Now that the design and development of innovative product solutions for customers challenged by income seems have become mainstream, a slew of products are being launched by long established brands in India for the "BoP" market.
half ton 4 wheel delivery vehicle for city center use that is directly aimed at the market currently served by alternatives like this,
except that the GiO offers more than simply last mile connectivity or affordability. Their design aims to influence perceptions of the owner's respectability and status as well. From the article,
calculations alone — there is the softer side too that it has worked
on. It aims to restore the pride and status that three-wheeler
driver-owners sorely miss. “They have always felt that despite the hard
work they put in, their families do not accord them the same respect as
the owner of a four-wheeler gets,” says Nayer.
The Gio, thus, has a distinct style, developed in-house by the
company along with design consultant Thairung. The interiors and ride
quality have been revved up to match, the company claims, one-tonne
trucks, so that buyers don’t feel shortchanged in any way. The driver
can enjoy roll-on windows, a roomy cabin, car-like steering, a sliding
seat, windshield wiper and gearshifts (all in sharp contrast to
three-wheelers). Larger tyres, a rear leaf-spring and front independent
McPherson suspension (not found in current one-tonne trucks) for better
stability and load-carrying ensure that the ride quality does not take
Even the name for the truck was chosen to phonetically resemble the
verb ‘live’ in Hindi, jiyo. The TV campaign, launched on November 20,
too plays on the theme and is not product- or feature-centric. It
depicts an erstwhile three-wheeler driver-owner commanding respect with
a Gio as he goes about his tasks. “We want to tell them that this
vehicle is going to change the way people look at them,” says Nayer.
Also, tapping into the aspirational element of brand and product choice among lower income consumers is Cadbury Chocolate. From the interview with the MD,
Do small packs contribute significantly to your revenues and volumes?
(Cadbury Dairy Milk) brand, I would say that the Rs 2-pack could be
almost 15 per cent of the volumes of the brand now. And, it's been in
the market only for the last 15 months. The less-than-Rs 2 price is
about 7- 8 per cent of the market. This happened only recently. Only
when aspirational brands have offers which are accessible, the market
explosion truly happens. I think there is enormous opportunity at that
end of the market.
And finally that hoary old grandfather of healthfood drinks, Horlicks, chooses to extend the brand with Horlicks Asha (hope) for the lower income segment than risk a backlash on the stuff that made us grow up strong and tall,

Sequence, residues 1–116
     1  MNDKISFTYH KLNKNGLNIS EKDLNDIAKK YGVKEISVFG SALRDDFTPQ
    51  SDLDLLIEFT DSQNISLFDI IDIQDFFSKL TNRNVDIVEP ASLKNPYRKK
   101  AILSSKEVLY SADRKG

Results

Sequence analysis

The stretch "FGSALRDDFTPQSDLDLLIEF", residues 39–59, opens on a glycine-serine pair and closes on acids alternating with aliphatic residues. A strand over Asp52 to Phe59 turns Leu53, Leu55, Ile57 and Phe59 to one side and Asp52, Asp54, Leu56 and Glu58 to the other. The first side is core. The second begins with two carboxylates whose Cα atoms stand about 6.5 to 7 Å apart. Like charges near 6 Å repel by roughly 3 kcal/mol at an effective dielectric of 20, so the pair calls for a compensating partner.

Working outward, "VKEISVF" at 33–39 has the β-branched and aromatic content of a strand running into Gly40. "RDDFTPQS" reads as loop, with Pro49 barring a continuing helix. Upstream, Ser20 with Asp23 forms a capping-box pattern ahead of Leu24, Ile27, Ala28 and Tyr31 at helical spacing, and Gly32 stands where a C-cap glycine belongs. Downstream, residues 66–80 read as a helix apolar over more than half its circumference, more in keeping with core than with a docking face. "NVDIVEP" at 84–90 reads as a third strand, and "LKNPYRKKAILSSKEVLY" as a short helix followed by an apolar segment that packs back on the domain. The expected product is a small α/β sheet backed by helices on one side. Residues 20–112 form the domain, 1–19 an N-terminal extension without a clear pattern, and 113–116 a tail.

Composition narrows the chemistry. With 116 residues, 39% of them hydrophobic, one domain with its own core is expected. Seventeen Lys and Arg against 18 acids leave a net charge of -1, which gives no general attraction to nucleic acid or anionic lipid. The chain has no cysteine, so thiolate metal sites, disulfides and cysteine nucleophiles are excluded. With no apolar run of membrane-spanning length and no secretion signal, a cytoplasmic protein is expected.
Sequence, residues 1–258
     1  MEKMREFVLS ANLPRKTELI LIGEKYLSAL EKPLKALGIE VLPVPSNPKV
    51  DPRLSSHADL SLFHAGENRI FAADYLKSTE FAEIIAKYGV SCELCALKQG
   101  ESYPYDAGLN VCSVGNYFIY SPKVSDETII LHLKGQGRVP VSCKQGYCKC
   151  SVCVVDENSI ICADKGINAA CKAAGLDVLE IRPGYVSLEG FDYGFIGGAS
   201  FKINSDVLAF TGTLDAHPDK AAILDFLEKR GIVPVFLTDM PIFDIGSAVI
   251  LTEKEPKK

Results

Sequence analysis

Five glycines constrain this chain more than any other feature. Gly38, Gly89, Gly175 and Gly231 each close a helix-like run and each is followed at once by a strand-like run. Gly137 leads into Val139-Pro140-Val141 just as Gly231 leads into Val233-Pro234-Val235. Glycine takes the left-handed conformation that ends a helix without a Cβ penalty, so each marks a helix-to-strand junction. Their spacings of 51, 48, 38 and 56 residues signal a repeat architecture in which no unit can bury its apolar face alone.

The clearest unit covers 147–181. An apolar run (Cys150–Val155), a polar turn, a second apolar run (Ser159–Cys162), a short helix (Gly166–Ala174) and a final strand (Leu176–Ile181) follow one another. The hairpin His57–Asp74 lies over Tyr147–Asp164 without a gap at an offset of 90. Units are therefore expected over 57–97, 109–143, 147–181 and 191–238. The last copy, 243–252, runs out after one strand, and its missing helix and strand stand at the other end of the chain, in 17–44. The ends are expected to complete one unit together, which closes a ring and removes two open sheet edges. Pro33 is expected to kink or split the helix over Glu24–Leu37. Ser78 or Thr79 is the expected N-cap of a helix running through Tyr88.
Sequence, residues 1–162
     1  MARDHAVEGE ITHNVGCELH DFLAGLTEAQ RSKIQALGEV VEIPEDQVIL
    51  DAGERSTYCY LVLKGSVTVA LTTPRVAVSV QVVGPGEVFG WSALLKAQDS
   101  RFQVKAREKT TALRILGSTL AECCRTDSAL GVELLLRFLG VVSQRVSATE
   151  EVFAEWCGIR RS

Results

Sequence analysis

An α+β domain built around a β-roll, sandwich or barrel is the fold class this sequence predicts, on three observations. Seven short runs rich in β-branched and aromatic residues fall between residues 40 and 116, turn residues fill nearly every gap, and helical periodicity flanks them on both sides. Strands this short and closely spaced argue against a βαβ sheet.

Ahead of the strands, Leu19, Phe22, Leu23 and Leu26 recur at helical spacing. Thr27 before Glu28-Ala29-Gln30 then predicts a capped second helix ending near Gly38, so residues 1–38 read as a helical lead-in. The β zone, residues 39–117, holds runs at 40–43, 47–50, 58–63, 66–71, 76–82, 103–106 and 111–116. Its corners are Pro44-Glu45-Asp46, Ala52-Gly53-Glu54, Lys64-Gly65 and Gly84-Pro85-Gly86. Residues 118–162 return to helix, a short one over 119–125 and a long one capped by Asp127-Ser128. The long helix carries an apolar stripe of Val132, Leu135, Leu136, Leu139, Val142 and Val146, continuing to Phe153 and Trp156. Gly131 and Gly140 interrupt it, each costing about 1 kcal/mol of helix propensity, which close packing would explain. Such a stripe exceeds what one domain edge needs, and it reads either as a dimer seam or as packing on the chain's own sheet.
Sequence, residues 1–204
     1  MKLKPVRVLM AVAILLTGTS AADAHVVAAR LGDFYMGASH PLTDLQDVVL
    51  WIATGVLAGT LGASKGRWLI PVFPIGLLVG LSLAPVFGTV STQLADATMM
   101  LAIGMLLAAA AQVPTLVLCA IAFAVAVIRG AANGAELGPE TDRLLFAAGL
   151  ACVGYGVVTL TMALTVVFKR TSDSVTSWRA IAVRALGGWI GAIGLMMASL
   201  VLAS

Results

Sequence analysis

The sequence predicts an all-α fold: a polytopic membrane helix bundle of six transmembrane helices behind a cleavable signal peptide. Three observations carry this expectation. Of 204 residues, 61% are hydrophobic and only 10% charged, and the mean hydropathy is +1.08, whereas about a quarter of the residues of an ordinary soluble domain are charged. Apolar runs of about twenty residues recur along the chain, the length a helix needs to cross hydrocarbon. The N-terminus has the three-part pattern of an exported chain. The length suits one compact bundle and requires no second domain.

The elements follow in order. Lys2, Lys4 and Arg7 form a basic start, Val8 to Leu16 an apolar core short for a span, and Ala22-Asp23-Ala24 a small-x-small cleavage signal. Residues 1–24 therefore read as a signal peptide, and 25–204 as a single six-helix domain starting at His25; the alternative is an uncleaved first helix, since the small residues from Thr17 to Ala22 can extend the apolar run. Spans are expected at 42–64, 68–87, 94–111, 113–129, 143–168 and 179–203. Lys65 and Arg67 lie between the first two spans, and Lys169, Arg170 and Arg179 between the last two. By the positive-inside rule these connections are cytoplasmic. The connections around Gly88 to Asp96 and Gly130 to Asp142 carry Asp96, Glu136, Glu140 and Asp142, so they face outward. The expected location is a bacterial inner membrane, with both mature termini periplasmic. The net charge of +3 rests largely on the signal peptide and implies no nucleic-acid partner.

‘absolutely critical’ for the company, Mr Sen said GSKCH has hinged
its rural strategy on two aspects —low unit packs (90 gm sachets of Boost,
and biscuits at Rs 5) and products tailored for rural consumers, Horlicks Asha
being an example. While regular Horlicks costs Rs 135, the cheaper variant Asha
is priced at Rs 85 for 500 gm.
Innovation in pricing, business models, distribution networks as well as product design seems to be proliferating now that addressing the BoP market seems to make ROI sense. Mahindra, for example, claims their entire product development cost for the Gio truck was Rupees 25 crore – under 5.5 million USD. Peanuts for a category creating four wheeled vehicle running on diesel.
And these "BoP business" influences are now spreading (virally?) out of the continent, as this Voice & Data interview with Afghan telco Roshan, implies:
Per-second billing has unleashed one of the
bloodiest tariff wars in India. What impact has per-second billing had
on the Afghanistan telecom industry?
In Afghanistan, one of our competitors entered
the market with per-second billing. When our other competitor also made
the switch to per-second-billing, we decided to go down that route.
From our perspective, moving to per second billing had a 30% negative
impact on revenues for the whole industry. Given the stage of growth of
the telecommunications industry, it was too early to move to this
pricing model and, therefore, had an impact on the overall development
and rollout of the services.
Ultimately, we see that price reductions is
good for the consumer, as it really helps the market to open up.
Through per-second-billing, the entry barriers have been reduced, and
it has really allowed us to penetrate to the bottom of the pyramid.
What happens when global market forces start to follow the BoP rather than bask in the current smugness implied by "reverse innovation" ?